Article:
Twitter, Facebook, FriendFeed and active online social interaction breathe new, and measurable, life into great content where it’s hosted, simply by connecting it to the potentially attentive people where and how they are currently engaged.

This is the Statusphere, a new ecosystem for sharing, discovering, and publishing updates and micro-sized content that reverberates throughout social networks and syndicated profiles, resulting in a formidable network effect of viral activity. It is the digital curation of relevant content that binds us contextually and through the statusphere we can connect directly to existing contacts, reach new people, and also forge new friendships through the friends of friends effect (FoFs) in the process.

In order to compete for prominence in the future, we must first compete for attention where and when it’s captivated. While we contribute to the evolution of new media and the supporting cultures within each network, we are responsible for what we contribute and what we gain from the interaction. We earn the relationships we deserve.

Update: comScore released global numbers that show a worldwide surge of 19.1 million visitors in March 2009.

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  • Robert Scoble

    If that’s true (it’s not) why doesn’t @oprah have 1.2 million of her own followers (she got at least 300,000 by being on the recommended follower list, not organically). As of this writing she only has 530,000 followers. So, if she brought 1.2 million in, why don’t they all follow HER? Hint: she didn’t bring in nearly that many.

  • Phil

    Twitter is responsible for a 50% traffic increase on our blog. Thanks Brian, great article.
    http://www.pickedbyguys.com

  • Bruno Ancona Lopes

    Robert Scoble, maybe this is true. Not everyone that was watching Oprah at that moment really actually cares about her, or care but realize that giving their attention to her 27/7 via twitter might be too painful to handle. Also, How many could be zapping? Now, what I believe to be the most important factor… it’s not just oprah… it’s the opra effect – meaning: it generated tons of buzz in other medias (both mainstream and small channels, online and off) and it generated tons of word of mouth via friends of people who watched it, friends who read the post, heard the news, etc. When it reached this point, definitely not everyone who heard about it because of the oprah effect cares about oprah. So thats why she doesnt have to have created 1,2million users to have created the adoption people estimate it did.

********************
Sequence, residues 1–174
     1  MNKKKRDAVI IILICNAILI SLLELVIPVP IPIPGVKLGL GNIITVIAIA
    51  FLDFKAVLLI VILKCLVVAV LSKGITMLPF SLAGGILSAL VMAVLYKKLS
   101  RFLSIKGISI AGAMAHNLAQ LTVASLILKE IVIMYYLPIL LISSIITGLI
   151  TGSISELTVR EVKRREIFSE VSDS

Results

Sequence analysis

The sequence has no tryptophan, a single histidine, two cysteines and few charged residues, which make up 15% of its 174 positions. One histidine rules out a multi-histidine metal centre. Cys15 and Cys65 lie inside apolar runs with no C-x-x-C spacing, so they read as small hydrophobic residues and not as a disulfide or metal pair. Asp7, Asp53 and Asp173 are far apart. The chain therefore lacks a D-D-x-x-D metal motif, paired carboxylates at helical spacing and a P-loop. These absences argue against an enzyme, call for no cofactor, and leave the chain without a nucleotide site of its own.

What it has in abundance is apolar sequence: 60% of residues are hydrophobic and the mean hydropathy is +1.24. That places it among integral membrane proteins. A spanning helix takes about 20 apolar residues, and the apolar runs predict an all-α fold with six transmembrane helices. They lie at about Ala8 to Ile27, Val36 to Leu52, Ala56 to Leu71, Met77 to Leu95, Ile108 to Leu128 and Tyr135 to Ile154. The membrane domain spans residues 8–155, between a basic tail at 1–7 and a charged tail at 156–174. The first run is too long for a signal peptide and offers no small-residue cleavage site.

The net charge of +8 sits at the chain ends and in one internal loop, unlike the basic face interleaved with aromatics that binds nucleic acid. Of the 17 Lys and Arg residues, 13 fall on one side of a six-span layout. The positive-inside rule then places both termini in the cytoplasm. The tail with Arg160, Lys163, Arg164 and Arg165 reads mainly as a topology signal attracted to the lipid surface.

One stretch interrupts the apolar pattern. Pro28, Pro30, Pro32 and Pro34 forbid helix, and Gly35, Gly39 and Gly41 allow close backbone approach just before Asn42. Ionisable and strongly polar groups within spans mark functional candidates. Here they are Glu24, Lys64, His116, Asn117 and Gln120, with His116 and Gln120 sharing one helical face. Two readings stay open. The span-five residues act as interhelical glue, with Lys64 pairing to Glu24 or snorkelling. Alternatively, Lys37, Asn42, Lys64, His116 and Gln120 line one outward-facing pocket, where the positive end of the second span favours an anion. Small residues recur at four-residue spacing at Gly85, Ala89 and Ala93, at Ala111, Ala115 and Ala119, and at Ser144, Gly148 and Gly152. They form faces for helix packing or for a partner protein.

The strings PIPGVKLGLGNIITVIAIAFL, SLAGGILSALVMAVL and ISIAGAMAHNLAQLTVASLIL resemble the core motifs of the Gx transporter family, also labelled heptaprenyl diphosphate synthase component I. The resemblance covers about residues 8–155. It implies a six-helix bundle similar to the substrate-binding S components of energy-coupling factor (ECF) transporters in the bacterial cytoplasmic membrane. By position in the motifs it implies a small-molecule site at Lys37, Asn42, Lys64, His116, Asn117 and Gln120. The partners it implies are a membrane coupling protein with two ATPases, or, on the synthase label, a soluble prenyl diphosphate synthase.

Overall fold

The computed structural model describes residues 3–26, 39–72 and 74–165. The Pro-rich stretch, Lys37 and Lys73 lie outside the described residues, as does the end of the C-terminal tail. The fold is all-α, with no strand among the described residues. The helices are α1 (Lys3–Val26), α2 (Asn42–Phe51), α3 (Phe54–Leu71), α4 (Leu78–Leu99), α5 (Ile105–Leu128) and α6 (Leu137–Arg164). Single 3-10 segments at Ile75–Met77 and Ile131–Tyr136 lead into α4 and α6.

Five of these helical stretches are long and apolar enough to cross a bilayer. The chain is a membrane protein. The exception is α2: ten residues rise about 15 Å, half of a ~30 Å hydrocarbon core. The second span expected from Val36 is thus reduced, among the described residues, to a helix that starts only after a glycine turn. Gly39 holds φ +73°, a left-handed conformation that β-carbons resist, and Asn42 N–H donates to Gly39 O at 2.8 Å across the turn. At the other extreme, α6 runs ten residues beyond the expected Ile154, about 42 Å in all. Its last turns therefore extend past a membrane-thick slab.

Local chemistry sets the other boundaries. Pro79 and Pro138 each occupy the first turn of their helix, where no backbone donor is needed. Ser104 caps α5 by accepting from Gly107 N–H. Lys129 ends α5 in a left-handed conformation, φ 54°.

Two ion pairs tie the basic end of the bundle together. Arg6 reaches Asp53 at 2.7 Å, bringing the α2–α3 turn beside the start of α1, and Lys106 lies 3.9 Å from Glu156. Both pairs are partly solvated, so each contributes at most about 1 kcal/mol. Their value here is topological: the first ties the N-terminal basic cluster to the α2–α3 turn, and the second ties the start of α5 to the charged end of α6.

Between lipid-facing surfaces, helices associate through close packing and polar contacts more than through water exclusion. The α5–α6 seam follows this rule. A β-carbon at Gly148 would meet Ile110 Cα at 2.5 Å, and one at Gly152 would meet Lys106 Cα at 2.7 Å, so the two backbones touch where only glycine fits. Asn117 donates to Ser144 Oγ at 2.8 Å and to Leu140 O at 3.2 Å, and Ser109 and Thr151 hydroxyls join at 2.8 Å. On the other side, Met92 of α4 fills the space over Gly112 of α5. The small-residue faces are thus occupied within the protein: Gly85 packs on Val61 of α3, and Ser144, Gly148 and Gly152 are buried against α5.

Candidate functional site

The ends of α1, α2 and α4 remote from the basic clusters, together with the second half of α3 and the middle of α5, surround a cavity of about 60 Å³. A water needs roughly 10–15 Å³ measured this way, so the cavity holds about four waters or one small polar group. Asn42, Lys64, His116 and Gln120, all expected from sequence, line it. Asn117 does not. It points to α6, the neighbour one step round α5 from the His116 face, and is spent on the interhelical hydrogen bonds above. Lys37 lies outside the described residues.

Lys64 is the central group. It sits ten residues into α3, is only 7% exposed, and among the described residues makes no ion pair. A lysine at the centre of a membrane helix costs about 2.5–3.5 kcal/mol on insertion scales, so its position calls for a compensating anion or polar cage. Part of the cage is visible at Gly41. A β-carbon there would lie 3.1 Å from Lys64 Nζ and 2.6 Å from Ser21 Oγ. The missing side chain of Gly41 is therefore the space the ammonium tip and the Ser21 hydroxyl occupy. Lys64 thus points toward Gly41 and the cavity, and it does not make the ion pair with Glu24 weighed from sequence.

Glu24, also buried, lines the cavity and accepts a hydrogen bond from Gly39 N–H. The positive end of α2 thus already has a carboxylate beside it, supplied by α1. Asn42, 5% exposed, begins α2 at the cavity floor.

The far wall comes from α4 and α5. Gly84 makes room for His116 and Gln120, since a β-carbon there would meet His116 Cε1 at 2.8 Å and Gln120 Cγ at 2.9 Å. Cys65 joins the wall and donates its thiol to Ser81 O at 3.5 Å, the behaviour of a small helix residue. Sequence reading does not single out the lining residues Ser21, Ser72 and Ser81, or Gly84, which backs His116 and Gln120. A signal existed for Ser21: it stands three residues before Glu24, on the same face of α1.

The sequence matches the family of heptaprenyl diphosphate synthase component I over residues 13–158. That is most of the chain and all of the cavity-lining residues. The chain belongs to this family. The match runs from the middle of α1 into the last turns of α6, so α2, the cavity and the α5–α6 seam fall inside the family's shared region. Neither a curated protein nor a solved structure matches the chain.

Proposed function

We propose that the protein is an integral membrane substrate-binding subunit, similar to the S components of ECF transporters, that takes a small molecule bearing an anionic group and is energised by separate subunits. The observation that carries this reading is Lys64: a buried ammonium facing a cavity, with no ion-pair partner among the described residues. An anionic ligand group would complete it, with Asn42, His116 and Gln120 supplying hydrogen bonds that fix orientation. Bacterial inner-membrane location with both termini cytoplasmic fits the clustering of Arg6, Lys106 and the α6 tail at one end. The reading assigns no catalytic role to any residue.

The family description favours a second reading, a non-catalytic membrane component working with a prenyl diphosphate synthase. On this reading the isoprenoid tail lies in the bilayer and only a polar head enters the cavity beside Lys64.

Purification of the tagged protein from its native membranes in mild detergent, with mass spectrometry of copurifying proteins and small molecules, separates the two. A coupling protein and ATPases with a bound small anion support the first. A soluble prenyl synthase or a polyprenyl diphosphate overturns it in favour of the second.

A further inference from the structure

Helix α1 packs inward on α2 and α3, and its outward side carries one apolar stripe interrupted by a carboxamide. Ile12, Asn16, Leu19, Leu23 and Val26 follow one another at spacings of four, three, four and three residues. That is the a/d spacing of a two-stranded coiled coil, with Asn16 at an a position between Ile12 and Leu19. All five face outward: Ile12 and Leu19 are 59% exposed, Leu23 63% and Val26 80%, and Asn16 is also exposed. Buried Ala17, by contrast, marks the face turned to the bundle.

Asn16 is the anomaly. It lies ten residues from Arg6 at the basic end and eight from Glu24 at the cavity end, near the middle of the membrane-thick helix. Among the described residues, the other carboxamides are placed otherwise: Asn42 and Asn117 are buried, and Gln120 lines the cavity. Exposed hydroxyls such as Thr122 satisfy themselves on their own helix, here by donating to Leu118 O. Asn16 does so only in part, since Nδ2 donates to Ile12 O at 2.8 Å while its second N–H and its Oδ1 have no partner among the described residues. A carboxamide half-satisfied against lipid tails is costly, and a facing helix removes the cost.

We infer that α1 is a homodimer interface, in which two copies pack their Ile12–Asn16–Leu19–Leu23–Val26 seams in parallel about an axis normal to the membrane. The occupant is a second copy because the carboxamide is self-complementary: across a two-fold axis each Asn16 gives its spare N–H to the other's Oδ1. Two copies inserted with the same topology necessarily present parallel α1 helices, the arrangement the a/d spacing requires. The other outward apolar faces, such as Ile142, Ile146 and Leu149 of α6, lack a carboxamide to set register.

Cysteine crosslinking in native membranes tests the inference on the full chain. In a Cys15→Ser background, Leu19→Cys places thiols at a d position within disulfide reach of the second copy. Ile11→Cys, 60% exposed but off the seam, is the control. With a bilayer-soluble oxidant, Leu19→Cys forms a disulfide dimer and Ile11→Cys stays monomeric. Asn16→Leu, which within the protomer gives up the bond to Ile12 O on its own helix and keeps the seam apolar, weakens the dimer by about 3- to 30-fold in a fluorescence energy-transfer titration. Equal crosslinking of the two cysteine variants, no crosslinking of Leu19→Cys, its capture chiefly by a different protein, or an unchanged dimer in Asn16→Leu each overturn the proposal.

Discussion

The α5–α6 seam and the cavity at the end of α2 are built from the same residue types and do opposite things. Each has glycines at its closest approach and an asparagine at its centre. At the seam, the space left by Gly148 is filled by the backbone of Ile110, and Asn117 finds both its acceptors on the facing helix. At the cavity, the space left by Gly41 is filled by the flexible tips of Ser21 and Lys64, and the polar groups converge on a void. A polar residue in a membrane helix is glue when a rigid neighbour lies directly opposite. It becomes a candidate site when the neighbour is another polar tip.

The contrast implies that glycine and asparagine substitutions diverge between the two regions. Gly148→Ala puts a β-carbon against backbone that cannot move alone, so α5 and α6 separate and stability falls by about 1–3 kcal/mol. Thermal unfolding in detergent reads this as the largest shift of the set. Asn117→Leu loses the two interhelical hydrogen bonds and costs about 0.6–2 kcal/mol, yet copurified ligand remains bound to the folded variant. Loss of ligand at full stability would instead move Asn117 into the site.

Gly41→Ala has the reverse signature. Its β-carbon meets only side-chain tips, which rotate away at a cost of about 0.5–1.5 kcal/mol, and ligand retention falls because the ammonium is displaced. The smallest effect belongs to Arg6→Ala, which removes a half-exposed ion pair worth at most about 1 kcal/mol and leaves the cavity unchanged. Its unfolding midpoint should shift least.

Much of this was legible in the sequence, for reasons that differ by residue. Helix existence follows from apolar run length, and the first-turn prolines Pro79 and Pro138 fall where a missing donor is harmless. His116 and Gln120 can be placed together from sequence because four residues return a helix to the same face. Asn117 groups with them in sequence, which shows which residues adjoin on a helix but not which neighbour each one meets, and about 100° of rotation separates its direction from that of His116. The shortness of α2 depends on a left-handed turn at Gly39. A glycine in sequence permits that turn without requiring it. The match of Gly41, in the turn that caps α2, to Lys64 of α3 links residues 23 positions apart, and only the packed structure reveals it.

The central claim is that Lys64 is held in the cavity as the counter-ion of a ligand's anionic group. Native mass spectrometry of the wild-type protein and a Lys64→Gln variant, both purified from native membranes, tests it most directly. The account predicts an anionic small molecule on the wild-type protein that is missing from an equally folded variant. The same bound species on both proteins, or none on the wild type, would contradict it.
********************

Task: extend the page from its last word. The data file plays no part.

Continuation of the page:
This post is great, and recently (yesterday) I wrote about other topics covered here in our blog (see link on my name), and what I most strongly agree is that relevance is going to become a definite must, and a very scarce commodity. People won’t handle following tons of people broadcasting “next to useless info”. It would kill the whole purpose of creating a new world where we only listen and absorb what we really want to, and need.

    Our blog is a month old, and I can say, like Phil just said, that not only 50% but about 90% from our traffic comes from tweets and RTs. =)

    Cheers everyone, great post Brian, thanks!

  • Juan Lulli

    If celebrities and their popularity-fueled followers are increasing their share of the Twitter user base, what's the risk:

    1. that Twitter's prevailing cultural sociology of behavior and interactions (that we've come to know and enjoy) becomes "mainstreamed" by the clutter of fandom and the din of "irrelevance?"